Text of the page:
We use Optical Character Recognition (OCR) during our scanning and processing workflow to make the content of each page searchable. You can view the automatically generated text below as well as copy and paste individual pieces of text to quote in your own work.
Text recognition is never 100% accurate. Many parts of the scanned page may not be reflected in the OCR text output, including: images, page layout, certain fonts or handwriting.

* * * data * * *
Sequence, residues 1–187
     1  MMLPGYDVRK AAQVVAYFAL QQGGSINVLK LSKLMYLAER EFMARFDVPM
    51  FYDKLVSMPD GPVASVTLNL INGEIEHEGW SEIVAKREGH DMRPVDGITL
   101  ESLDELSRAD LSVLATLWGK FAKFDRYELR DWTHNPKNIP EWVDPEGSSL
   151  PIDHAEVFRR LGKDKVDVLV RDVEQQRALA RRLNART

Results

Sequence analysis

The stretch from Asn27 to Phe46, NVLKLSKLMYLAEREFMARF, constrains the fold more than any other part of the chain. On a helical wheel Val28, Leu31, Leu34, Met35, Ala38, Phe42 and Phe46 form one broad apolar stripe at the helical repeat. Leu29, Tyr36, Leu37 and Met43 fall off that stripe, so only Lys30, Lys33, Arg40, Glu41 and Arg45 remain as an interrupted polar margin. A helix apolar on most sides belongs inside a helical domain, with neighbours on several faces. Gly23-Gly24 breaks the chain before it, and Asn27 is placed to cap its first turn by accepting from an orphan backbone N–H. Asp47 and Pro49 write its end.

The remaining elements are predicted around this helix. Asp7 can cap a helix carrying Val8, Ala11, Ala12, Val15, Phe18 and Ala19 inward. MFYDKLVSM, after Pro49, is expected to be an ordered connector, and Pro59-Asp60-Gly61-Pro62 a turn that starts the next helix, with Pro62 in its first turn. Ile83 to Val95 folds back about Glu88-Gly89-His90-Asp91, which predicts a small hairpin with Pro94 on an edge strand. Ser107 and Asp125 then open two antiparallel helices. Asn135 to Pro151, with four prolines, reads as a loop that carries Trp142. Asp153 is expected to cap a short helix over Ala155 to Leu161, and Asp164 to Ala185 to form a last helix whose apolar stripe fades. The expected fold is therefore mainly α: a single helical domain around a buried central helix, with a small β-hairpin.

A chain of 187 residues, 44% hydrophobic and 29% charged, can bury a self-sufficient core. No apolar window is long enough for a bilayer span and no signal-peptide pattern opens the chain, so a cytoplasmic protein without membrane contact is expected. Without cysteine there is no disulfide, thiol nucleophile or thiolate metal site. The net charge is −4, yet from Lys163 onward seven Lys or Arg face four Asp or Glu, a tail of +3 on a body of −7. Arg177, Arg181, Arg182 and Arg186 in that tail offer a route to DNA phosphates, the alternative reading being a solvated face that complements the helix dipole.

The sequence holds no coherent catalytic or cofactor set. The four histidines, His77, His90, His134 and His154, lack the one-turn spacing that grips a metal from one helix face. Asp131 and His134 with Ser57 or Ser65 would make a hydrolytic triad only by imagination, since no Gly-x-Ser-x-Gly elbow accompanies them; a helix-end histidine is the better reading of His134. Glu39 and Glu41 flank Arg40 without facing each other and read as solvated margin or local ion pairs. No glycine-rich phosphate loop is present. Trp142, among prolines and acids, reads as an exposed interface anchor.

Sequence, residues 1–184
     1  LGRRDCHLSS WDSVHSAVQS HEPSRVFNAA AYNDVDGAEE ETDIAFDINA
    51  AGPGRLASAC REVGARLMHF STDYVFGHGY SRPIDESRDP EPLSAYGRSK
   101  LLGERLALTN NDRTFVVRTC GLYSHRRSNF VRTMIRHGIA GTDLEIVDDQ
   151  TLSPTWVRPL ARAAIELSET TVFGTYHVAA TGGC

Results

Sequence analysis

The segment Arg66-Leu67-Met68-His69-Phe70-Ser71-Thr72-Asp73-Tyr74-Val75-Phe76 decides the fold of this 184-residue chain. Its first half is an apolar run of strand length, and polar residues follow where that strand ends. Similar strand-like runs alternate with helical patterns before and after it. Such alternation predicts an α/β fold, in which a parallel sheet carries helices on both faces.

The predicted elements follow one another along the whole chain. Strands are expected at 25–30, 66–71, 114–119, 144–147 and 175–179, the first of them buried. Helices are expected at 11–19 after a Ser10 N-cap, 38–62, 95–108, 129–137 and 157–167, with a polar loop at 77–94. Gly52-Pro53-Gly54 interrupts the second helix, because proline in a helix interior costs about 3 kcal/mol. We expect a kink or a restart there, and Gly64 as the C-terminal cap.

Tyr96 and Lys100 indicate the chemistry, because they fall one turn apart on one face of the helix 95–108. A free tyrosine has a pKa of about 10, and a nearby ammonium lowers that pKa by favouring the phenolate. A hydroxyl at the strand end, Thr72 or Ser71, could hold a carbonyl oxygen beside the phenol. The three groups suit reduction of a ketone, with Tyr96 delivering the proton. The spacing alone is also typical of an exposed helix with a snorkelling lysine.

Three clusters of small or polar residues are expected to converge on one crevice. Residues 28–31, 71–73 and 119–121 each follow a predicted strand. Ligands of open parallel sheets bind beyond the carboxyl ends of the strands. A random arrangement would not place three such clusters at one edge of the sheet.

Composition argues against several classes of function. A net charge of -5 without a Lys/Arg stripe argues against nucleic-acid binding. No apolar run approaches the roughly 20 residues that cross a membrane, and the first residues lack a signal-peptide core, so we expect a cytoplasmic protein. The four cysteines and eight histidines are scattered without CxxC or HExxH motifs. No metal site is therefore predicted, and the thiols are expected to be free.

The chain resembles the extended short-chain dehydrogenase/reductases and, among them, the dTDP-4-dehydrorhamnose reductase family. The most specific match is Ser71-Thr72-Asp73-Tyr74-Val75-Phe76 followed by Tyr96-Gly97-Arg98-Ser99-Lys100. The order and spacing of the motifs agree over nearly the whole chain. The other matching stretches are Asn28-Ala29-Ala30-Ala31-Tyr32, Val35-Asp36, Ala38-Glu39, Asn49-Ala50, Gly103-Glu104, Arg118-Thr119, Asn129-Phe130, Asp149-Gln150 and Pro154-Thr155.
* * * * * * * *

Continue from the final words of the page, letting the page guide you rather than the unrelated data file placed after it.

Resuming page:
James Fenimore Cooper ‘Natural’ Filmplay Writer If James Fenimore Cooper were alive today he’d be in terrific de¬ mand as a Hollywood scenarist. According to George B. Seitz, who directed “The Last of the Mo¬ hicans,” coming next .... to the .... Theatre, Cooper was defi¬ nitely “movie-minded,” although he wrote over a century before the cinema came into existence. Starring Randolph Scott, Binnie Barnes and Henry Wilcoxon, the film is being re-released by Pro¬ ducers Releasing Corporation. “I know of no more prolific and imaginative writer of his times,” says Seitz. “Here was an author who could blend fiction with his¬ tory in a convincing and enter¬ taining manner and at the same time do a good, workmanlike job. His ‘Leatherstocking Tales’ is one of the most amazing series of novels of contemporary life turned out in this country during the eighteenth century, and all of these stories might have been written by an author who had one eye on Hollywood. “Of the group, ‘The Last of the Mohicans’ is better theatre than ‘The Deerslayer,’ ‘The Pathfinder’ or ‘The Pioneers,’ although all of them have sufficient action and romance to make them attractive as backgrounds for screen stories.” Cooper became an author in a very strange way. One day, while reading a novel of English society, he impatiently threw down the book and exclaimed that he him¬ self could write a better story. His wife, who was within earshot, took him up and challenged him to write his better book. So he wrote and published “Precaution,” a dull conventional story of Eng¬ lish social life. The book was not a success, but urged by his wife and friends to try again, Cooper next chose a subject on which he was somewhat of an authority. The novel titled, “The Spy, A Tale of Neutral Ground,” dealt with the American Revolution, and marked the beginning of a long series of successes. During the ensuing years, Cooper turned out “The Leather¬ stocking Tales,” which, with the exception of “The Spy,” were the most popular of his works. Edward Small produced “The Last of the Mohicans.” Make-up Expert Paints Indians Darker Shade Some of the real Indians used as extras in “The Last of the Mo¬ hicans,” the Reliance picturization of the James Fenimore Cooper classic now playing at the .... Theatre, were so “pale-faced” that they required make-up in order to register as redskins on the screen. This was especially true of certain members of the Humboldt and Klamath tribes from northern California. Randolph Scott, Binnie Barnes and Henry Wilcoxon head the cast of the film, which is being re-re- leased by Producers Releasing Corporation. ‘Mohican’ Star Former Boxer British fight fans were very disappointed when Henry “Biff” Wilcoxon tossed aside his boxing gloves to don greasepaint. When “Biff” gave up the ring, England lost one of her best heavyweights who was a promising contender for the world championship title. Although Wilcoxon was achiev¬ ing considerable success as an amateur boxer he was determined to become an actor. He joined a small London theatre group and appeared in “The Barretts of Wimpole Street,” “The White Assagai” and “Eight Bells.” His early films include “Cleopatra” and “The Crusades.” I n the Reliance production of The Last of the Mohicans,”’ which is coming .... next to the .... Theatre, Wilcoxon shares honors with Randolph Scott, Bin¬ nie Barnes, Bruce Cabot and Phillip Reed. The picture is being re-released through Producers Releasing Corporation. Redskin Brave Mat No. ID Bruce Cabot, as Magua, the rene¬ gade Indian, in a scene from “The Last of the Mohicans,” which is coming to the . . . . Theatre. Phillip Reed Star Of ‘Mohican 9 Film Although he has been in pic¬ tures for a few years, handsome Phillip Reed has appeared in many notable films. One of his most famous roles is as Uncas in “The Last of the Mohicans,” which is coming next .... to the . . . . Theatre. His career began when he left Cornell University, where he was studying engineering, to take a bit part with a stock company. Later he entered the cast of the Grand Street Follies when his friend Jimmy Cagney got him the job. From there he went to Holly¬ wood where he has appeared in “Week-end for Three,” “A Gentle¬ man After Dark’” and “Old Ac¬ quaintance.” In “The Last of the Mohicans” he co-stars with Randolph Scott, Binnie Barnes and Henry Wil¬ coxon. The picture is being re-re- leased through Producers Releas¬ ing Corporation. Cabot Trades Silver Spoon For a Spade Bruce Cabot, who plays Magua, the renegade Indian, in “The Last of the Mohicans,” now playing at the .... Theatre, could have been a banker, a social leader or a diplomat, but instead he sought adventure. Born Jacques de Bujac in Carlsbad, New Mexico, he at¬ tended military school and later the University of the South. After knocking himself out of a prize ring career when, as a sparring partner, he licked his boss, he traded his silver spoon for an iron spade and became a railroad builder. Then he decided to strike out and see the world—but not until he made his expenses by breaking the bank of one of the Riviera casinos. He stopped long enough in England to do some studying to complete his educa¬ tion before returning to America. Then Cabot went to Hollywood for a visit and stayed to open a night club. A prominent producer noticed him and offered him a screen test and he’s been before the cameras ever since, in both heavy and heroic roles. His recent pictures include “Desert Song,” “Salty O’Rourke” and “Fallen Angel.” In “The Last of the Mo¬ hicans” he shares honors with Randolph Scott, Binnie Barnes and Henry Wilcoxon. The picture was produced by Edward Small and is being re-released through Producers Releasing Corporation. New Film Tells Story of Early American Days A true picture of the early American Indian and the early American pioneer is seen in “The Last of the Mohicans,” which is coming next .... to the .... Theatre. The picture, which is being re-released by Producers Re¬ leasing Corporation, stars Ran¬ dolph Scott, Binnie Barnes and Henry Wilcoxon. The tribal life, times and cus¬ toms of the Mohegan tribe of upper New York State in the mid¬ dle years of the eighteenth cen¬ tury are vividly and faithfully reproduced. The fictional charac¬ ters from Cooper’s pen are represented in the film with authenticity. Others prominently featured in the cast are Phillip Reed, Heather Angel and Bruce Cabot. Frontiersman and Lady Randolph Scott and Binnie Barnes in the Mohicans,” which is coming next . scene from “The Last of . . . to the .... Theatre. ‘Boner Hunters’ Give Movie Producers Bad Nightmares If a lieutenant-general in a movie army of Louis XV should wear two buttons on his sleeve instead of three, some 500 persons would write in and denounce Hollywood’s picture producers as fakers. Because producers, being human, do not like to be told they are wrong, and because 500 is the average number of letters a studio receives as the result of a “movie boner,” they have established a corps of “anti¬ boner specialists.” Edward Lambert, a walking en¬ cyclopedia of modes and manners of the past, is the father of the order of “anti-boner specialists.” He started twenty years ago when he worked for a costume com¬ pany. His knowledge is the reason why little or no fault was found with the authenticity of such pro¬ ductions as “The Birth of a Na¬ tion,” “The Four Horsemen,” “Robin Hood,” “The House of Rothschild,” “Clive of India,” “Les Miserables” and “The Great Bamum,” to name a few of the hundreds of films on which he has worked. His latest job was checking up on the Sacaga Indians, Colonial French, English and North Amer¬ ican modes, manners, customs and costumes for “The Last of the Mohicans,” which comes next .... to the .... Theatre. Star¬ ring Randolph Scott, Binnie Barnes and Henry Wilcoxon, the film is being re-released by Pro¬ ducers Releasing Corporation. A Fellow of the Pacific Geo¬ graphic Society, Lambert is also an accredited research worker in the Congressional and Huntington Libraries. He is one of the inject few who receives from alz^the governments of the world notifica¬ tion of all new regulations and data on war materials and current history. Lambert’s research for “The Last of the Mohicans” required at least 400 volumes of histories of arms, modes, manners and the like. He read everything from Thwaits’ “France in America” to Fosdick Cook’s “Journal of the Military Expedition of Major-Gen¬ eral Sullivan Against the Six Nations in 1779.” He had to divide the Indian tribes of the North American continent, and describe them in minute detail, right down to the size of a wampum shell. He had to discover the correct, ap¬ proved manner of scalping a per¬ son and also the lighter matters of how the Iroquois’ “Bean Song” should be sung properly. Lambert worked directly with Philip Dunne, who prepared “The Last of the Mohicans” screenplay. As Dunne completed each page, it went to Lambert who checked it, attached pages of comment and returned it. Often the pair got into heated arguments, Lambert fighting tooth and nail for abso¬ lute authenticity and Dunne de¬ manding a measure of dramatics. Mat No. 1C Randolph Scott, as Hawkeye, in a scene from “The Last of the Mohicans,” which is now playing at the .... Theatre. Famed Attorney In ‘Mohican’Film Willard Robertson, one of Hol¬ lywood’s most popular character actors, who will be seen in “The Last of the Mohicans,” arriving on .... at the .... Theatre, had a rather illustrious career before he turned to theatricals. Robertson was one of the three attorneys to draw the order tak¬ ing over the railways of the United States by the Federal Government in 1918. Prior to that he had been appointed criminal counsel by Secretary of the Treas¬ ury William G. McAdoo. Robert¬ son is also the author of two novels which he wrote coinci¬ dentally with his Hollywood career. In “The Last of the Mohicans,” which is being re-released by Producers Releasing Corporation, Robertson is seen with Randolph Scott, Binnie Barnes and Henry Wilcoxon. Buckler Featured In ‘Mohican’ Film The thrill that comes once in a lifetime came to Hugh Buckler, who plays an important role in “The Last of the Mohicans,” now playing at the .... Theatre, when, as a young soldier, he served as color bearer at the funeral of Queen Victoria. A veteran of 33 years on the legitimate stage, Buckler made his film debut in “Lost Horizon.” In “The Last of the Mohicans,” which is being re-released by Pro¬ ducers Releasing Corporation, he plays Col. Munro, the father of Binnie Barnes and Heather Angel. Actor Uses Voice Double To save the fine singing voice of Phillip Reed, who plays Uncas in “The Last of the Mohicans,” coming next .... to the .... Theatre, a voice double was en¬ gaged to sound war-whoops and yells for him. This was done on the insistence of Reed’s vocal in¬ structor, who complained that the “battle cries” were playing havoc with Reed’s throat and voice. Randolph Scott, Binnie Barnes, Henry Wilcoxon and Bruce Cabot head the cast of the James Feni¬ more Cooper classic. The picture is being re-released by Producers Releasing Corporation. Unusual Scene Greets Guests C Recent visitors to Culver City, California, began to doubt their sanity when they saw painted Indians pedalling diligently along the streets on bicycles. They felt a lot better, however, when they learned that the cyclists were extras working in “The Last of the Mohicans,” which comes next .... to the .... Theatre with Randolph Scott, Binnie Barnes and Henry Wil¬ coxon heading an all-star cast. As several sequences of the picture were filmed at the back lot of the studio, which is nearly a mile from the dressing rooms, a number of extras used this means of transportation. Edward Small produced “The Last of the Mohicans,” based on James Fenimore Cooper’s classic, which is being re-released by Producers Releasing Corporation. Indians Too Pale All the principal Indian roles in “The Last of the Mohicans,” now playing at the .... Theatre, were played by white actors. Real Indians were used in the at¬ mosphere scenes and many tribes were represented in the extra ranks. The film is being re-released by Pro-^ ducers Releasing Corpora-*- tion. Page Ten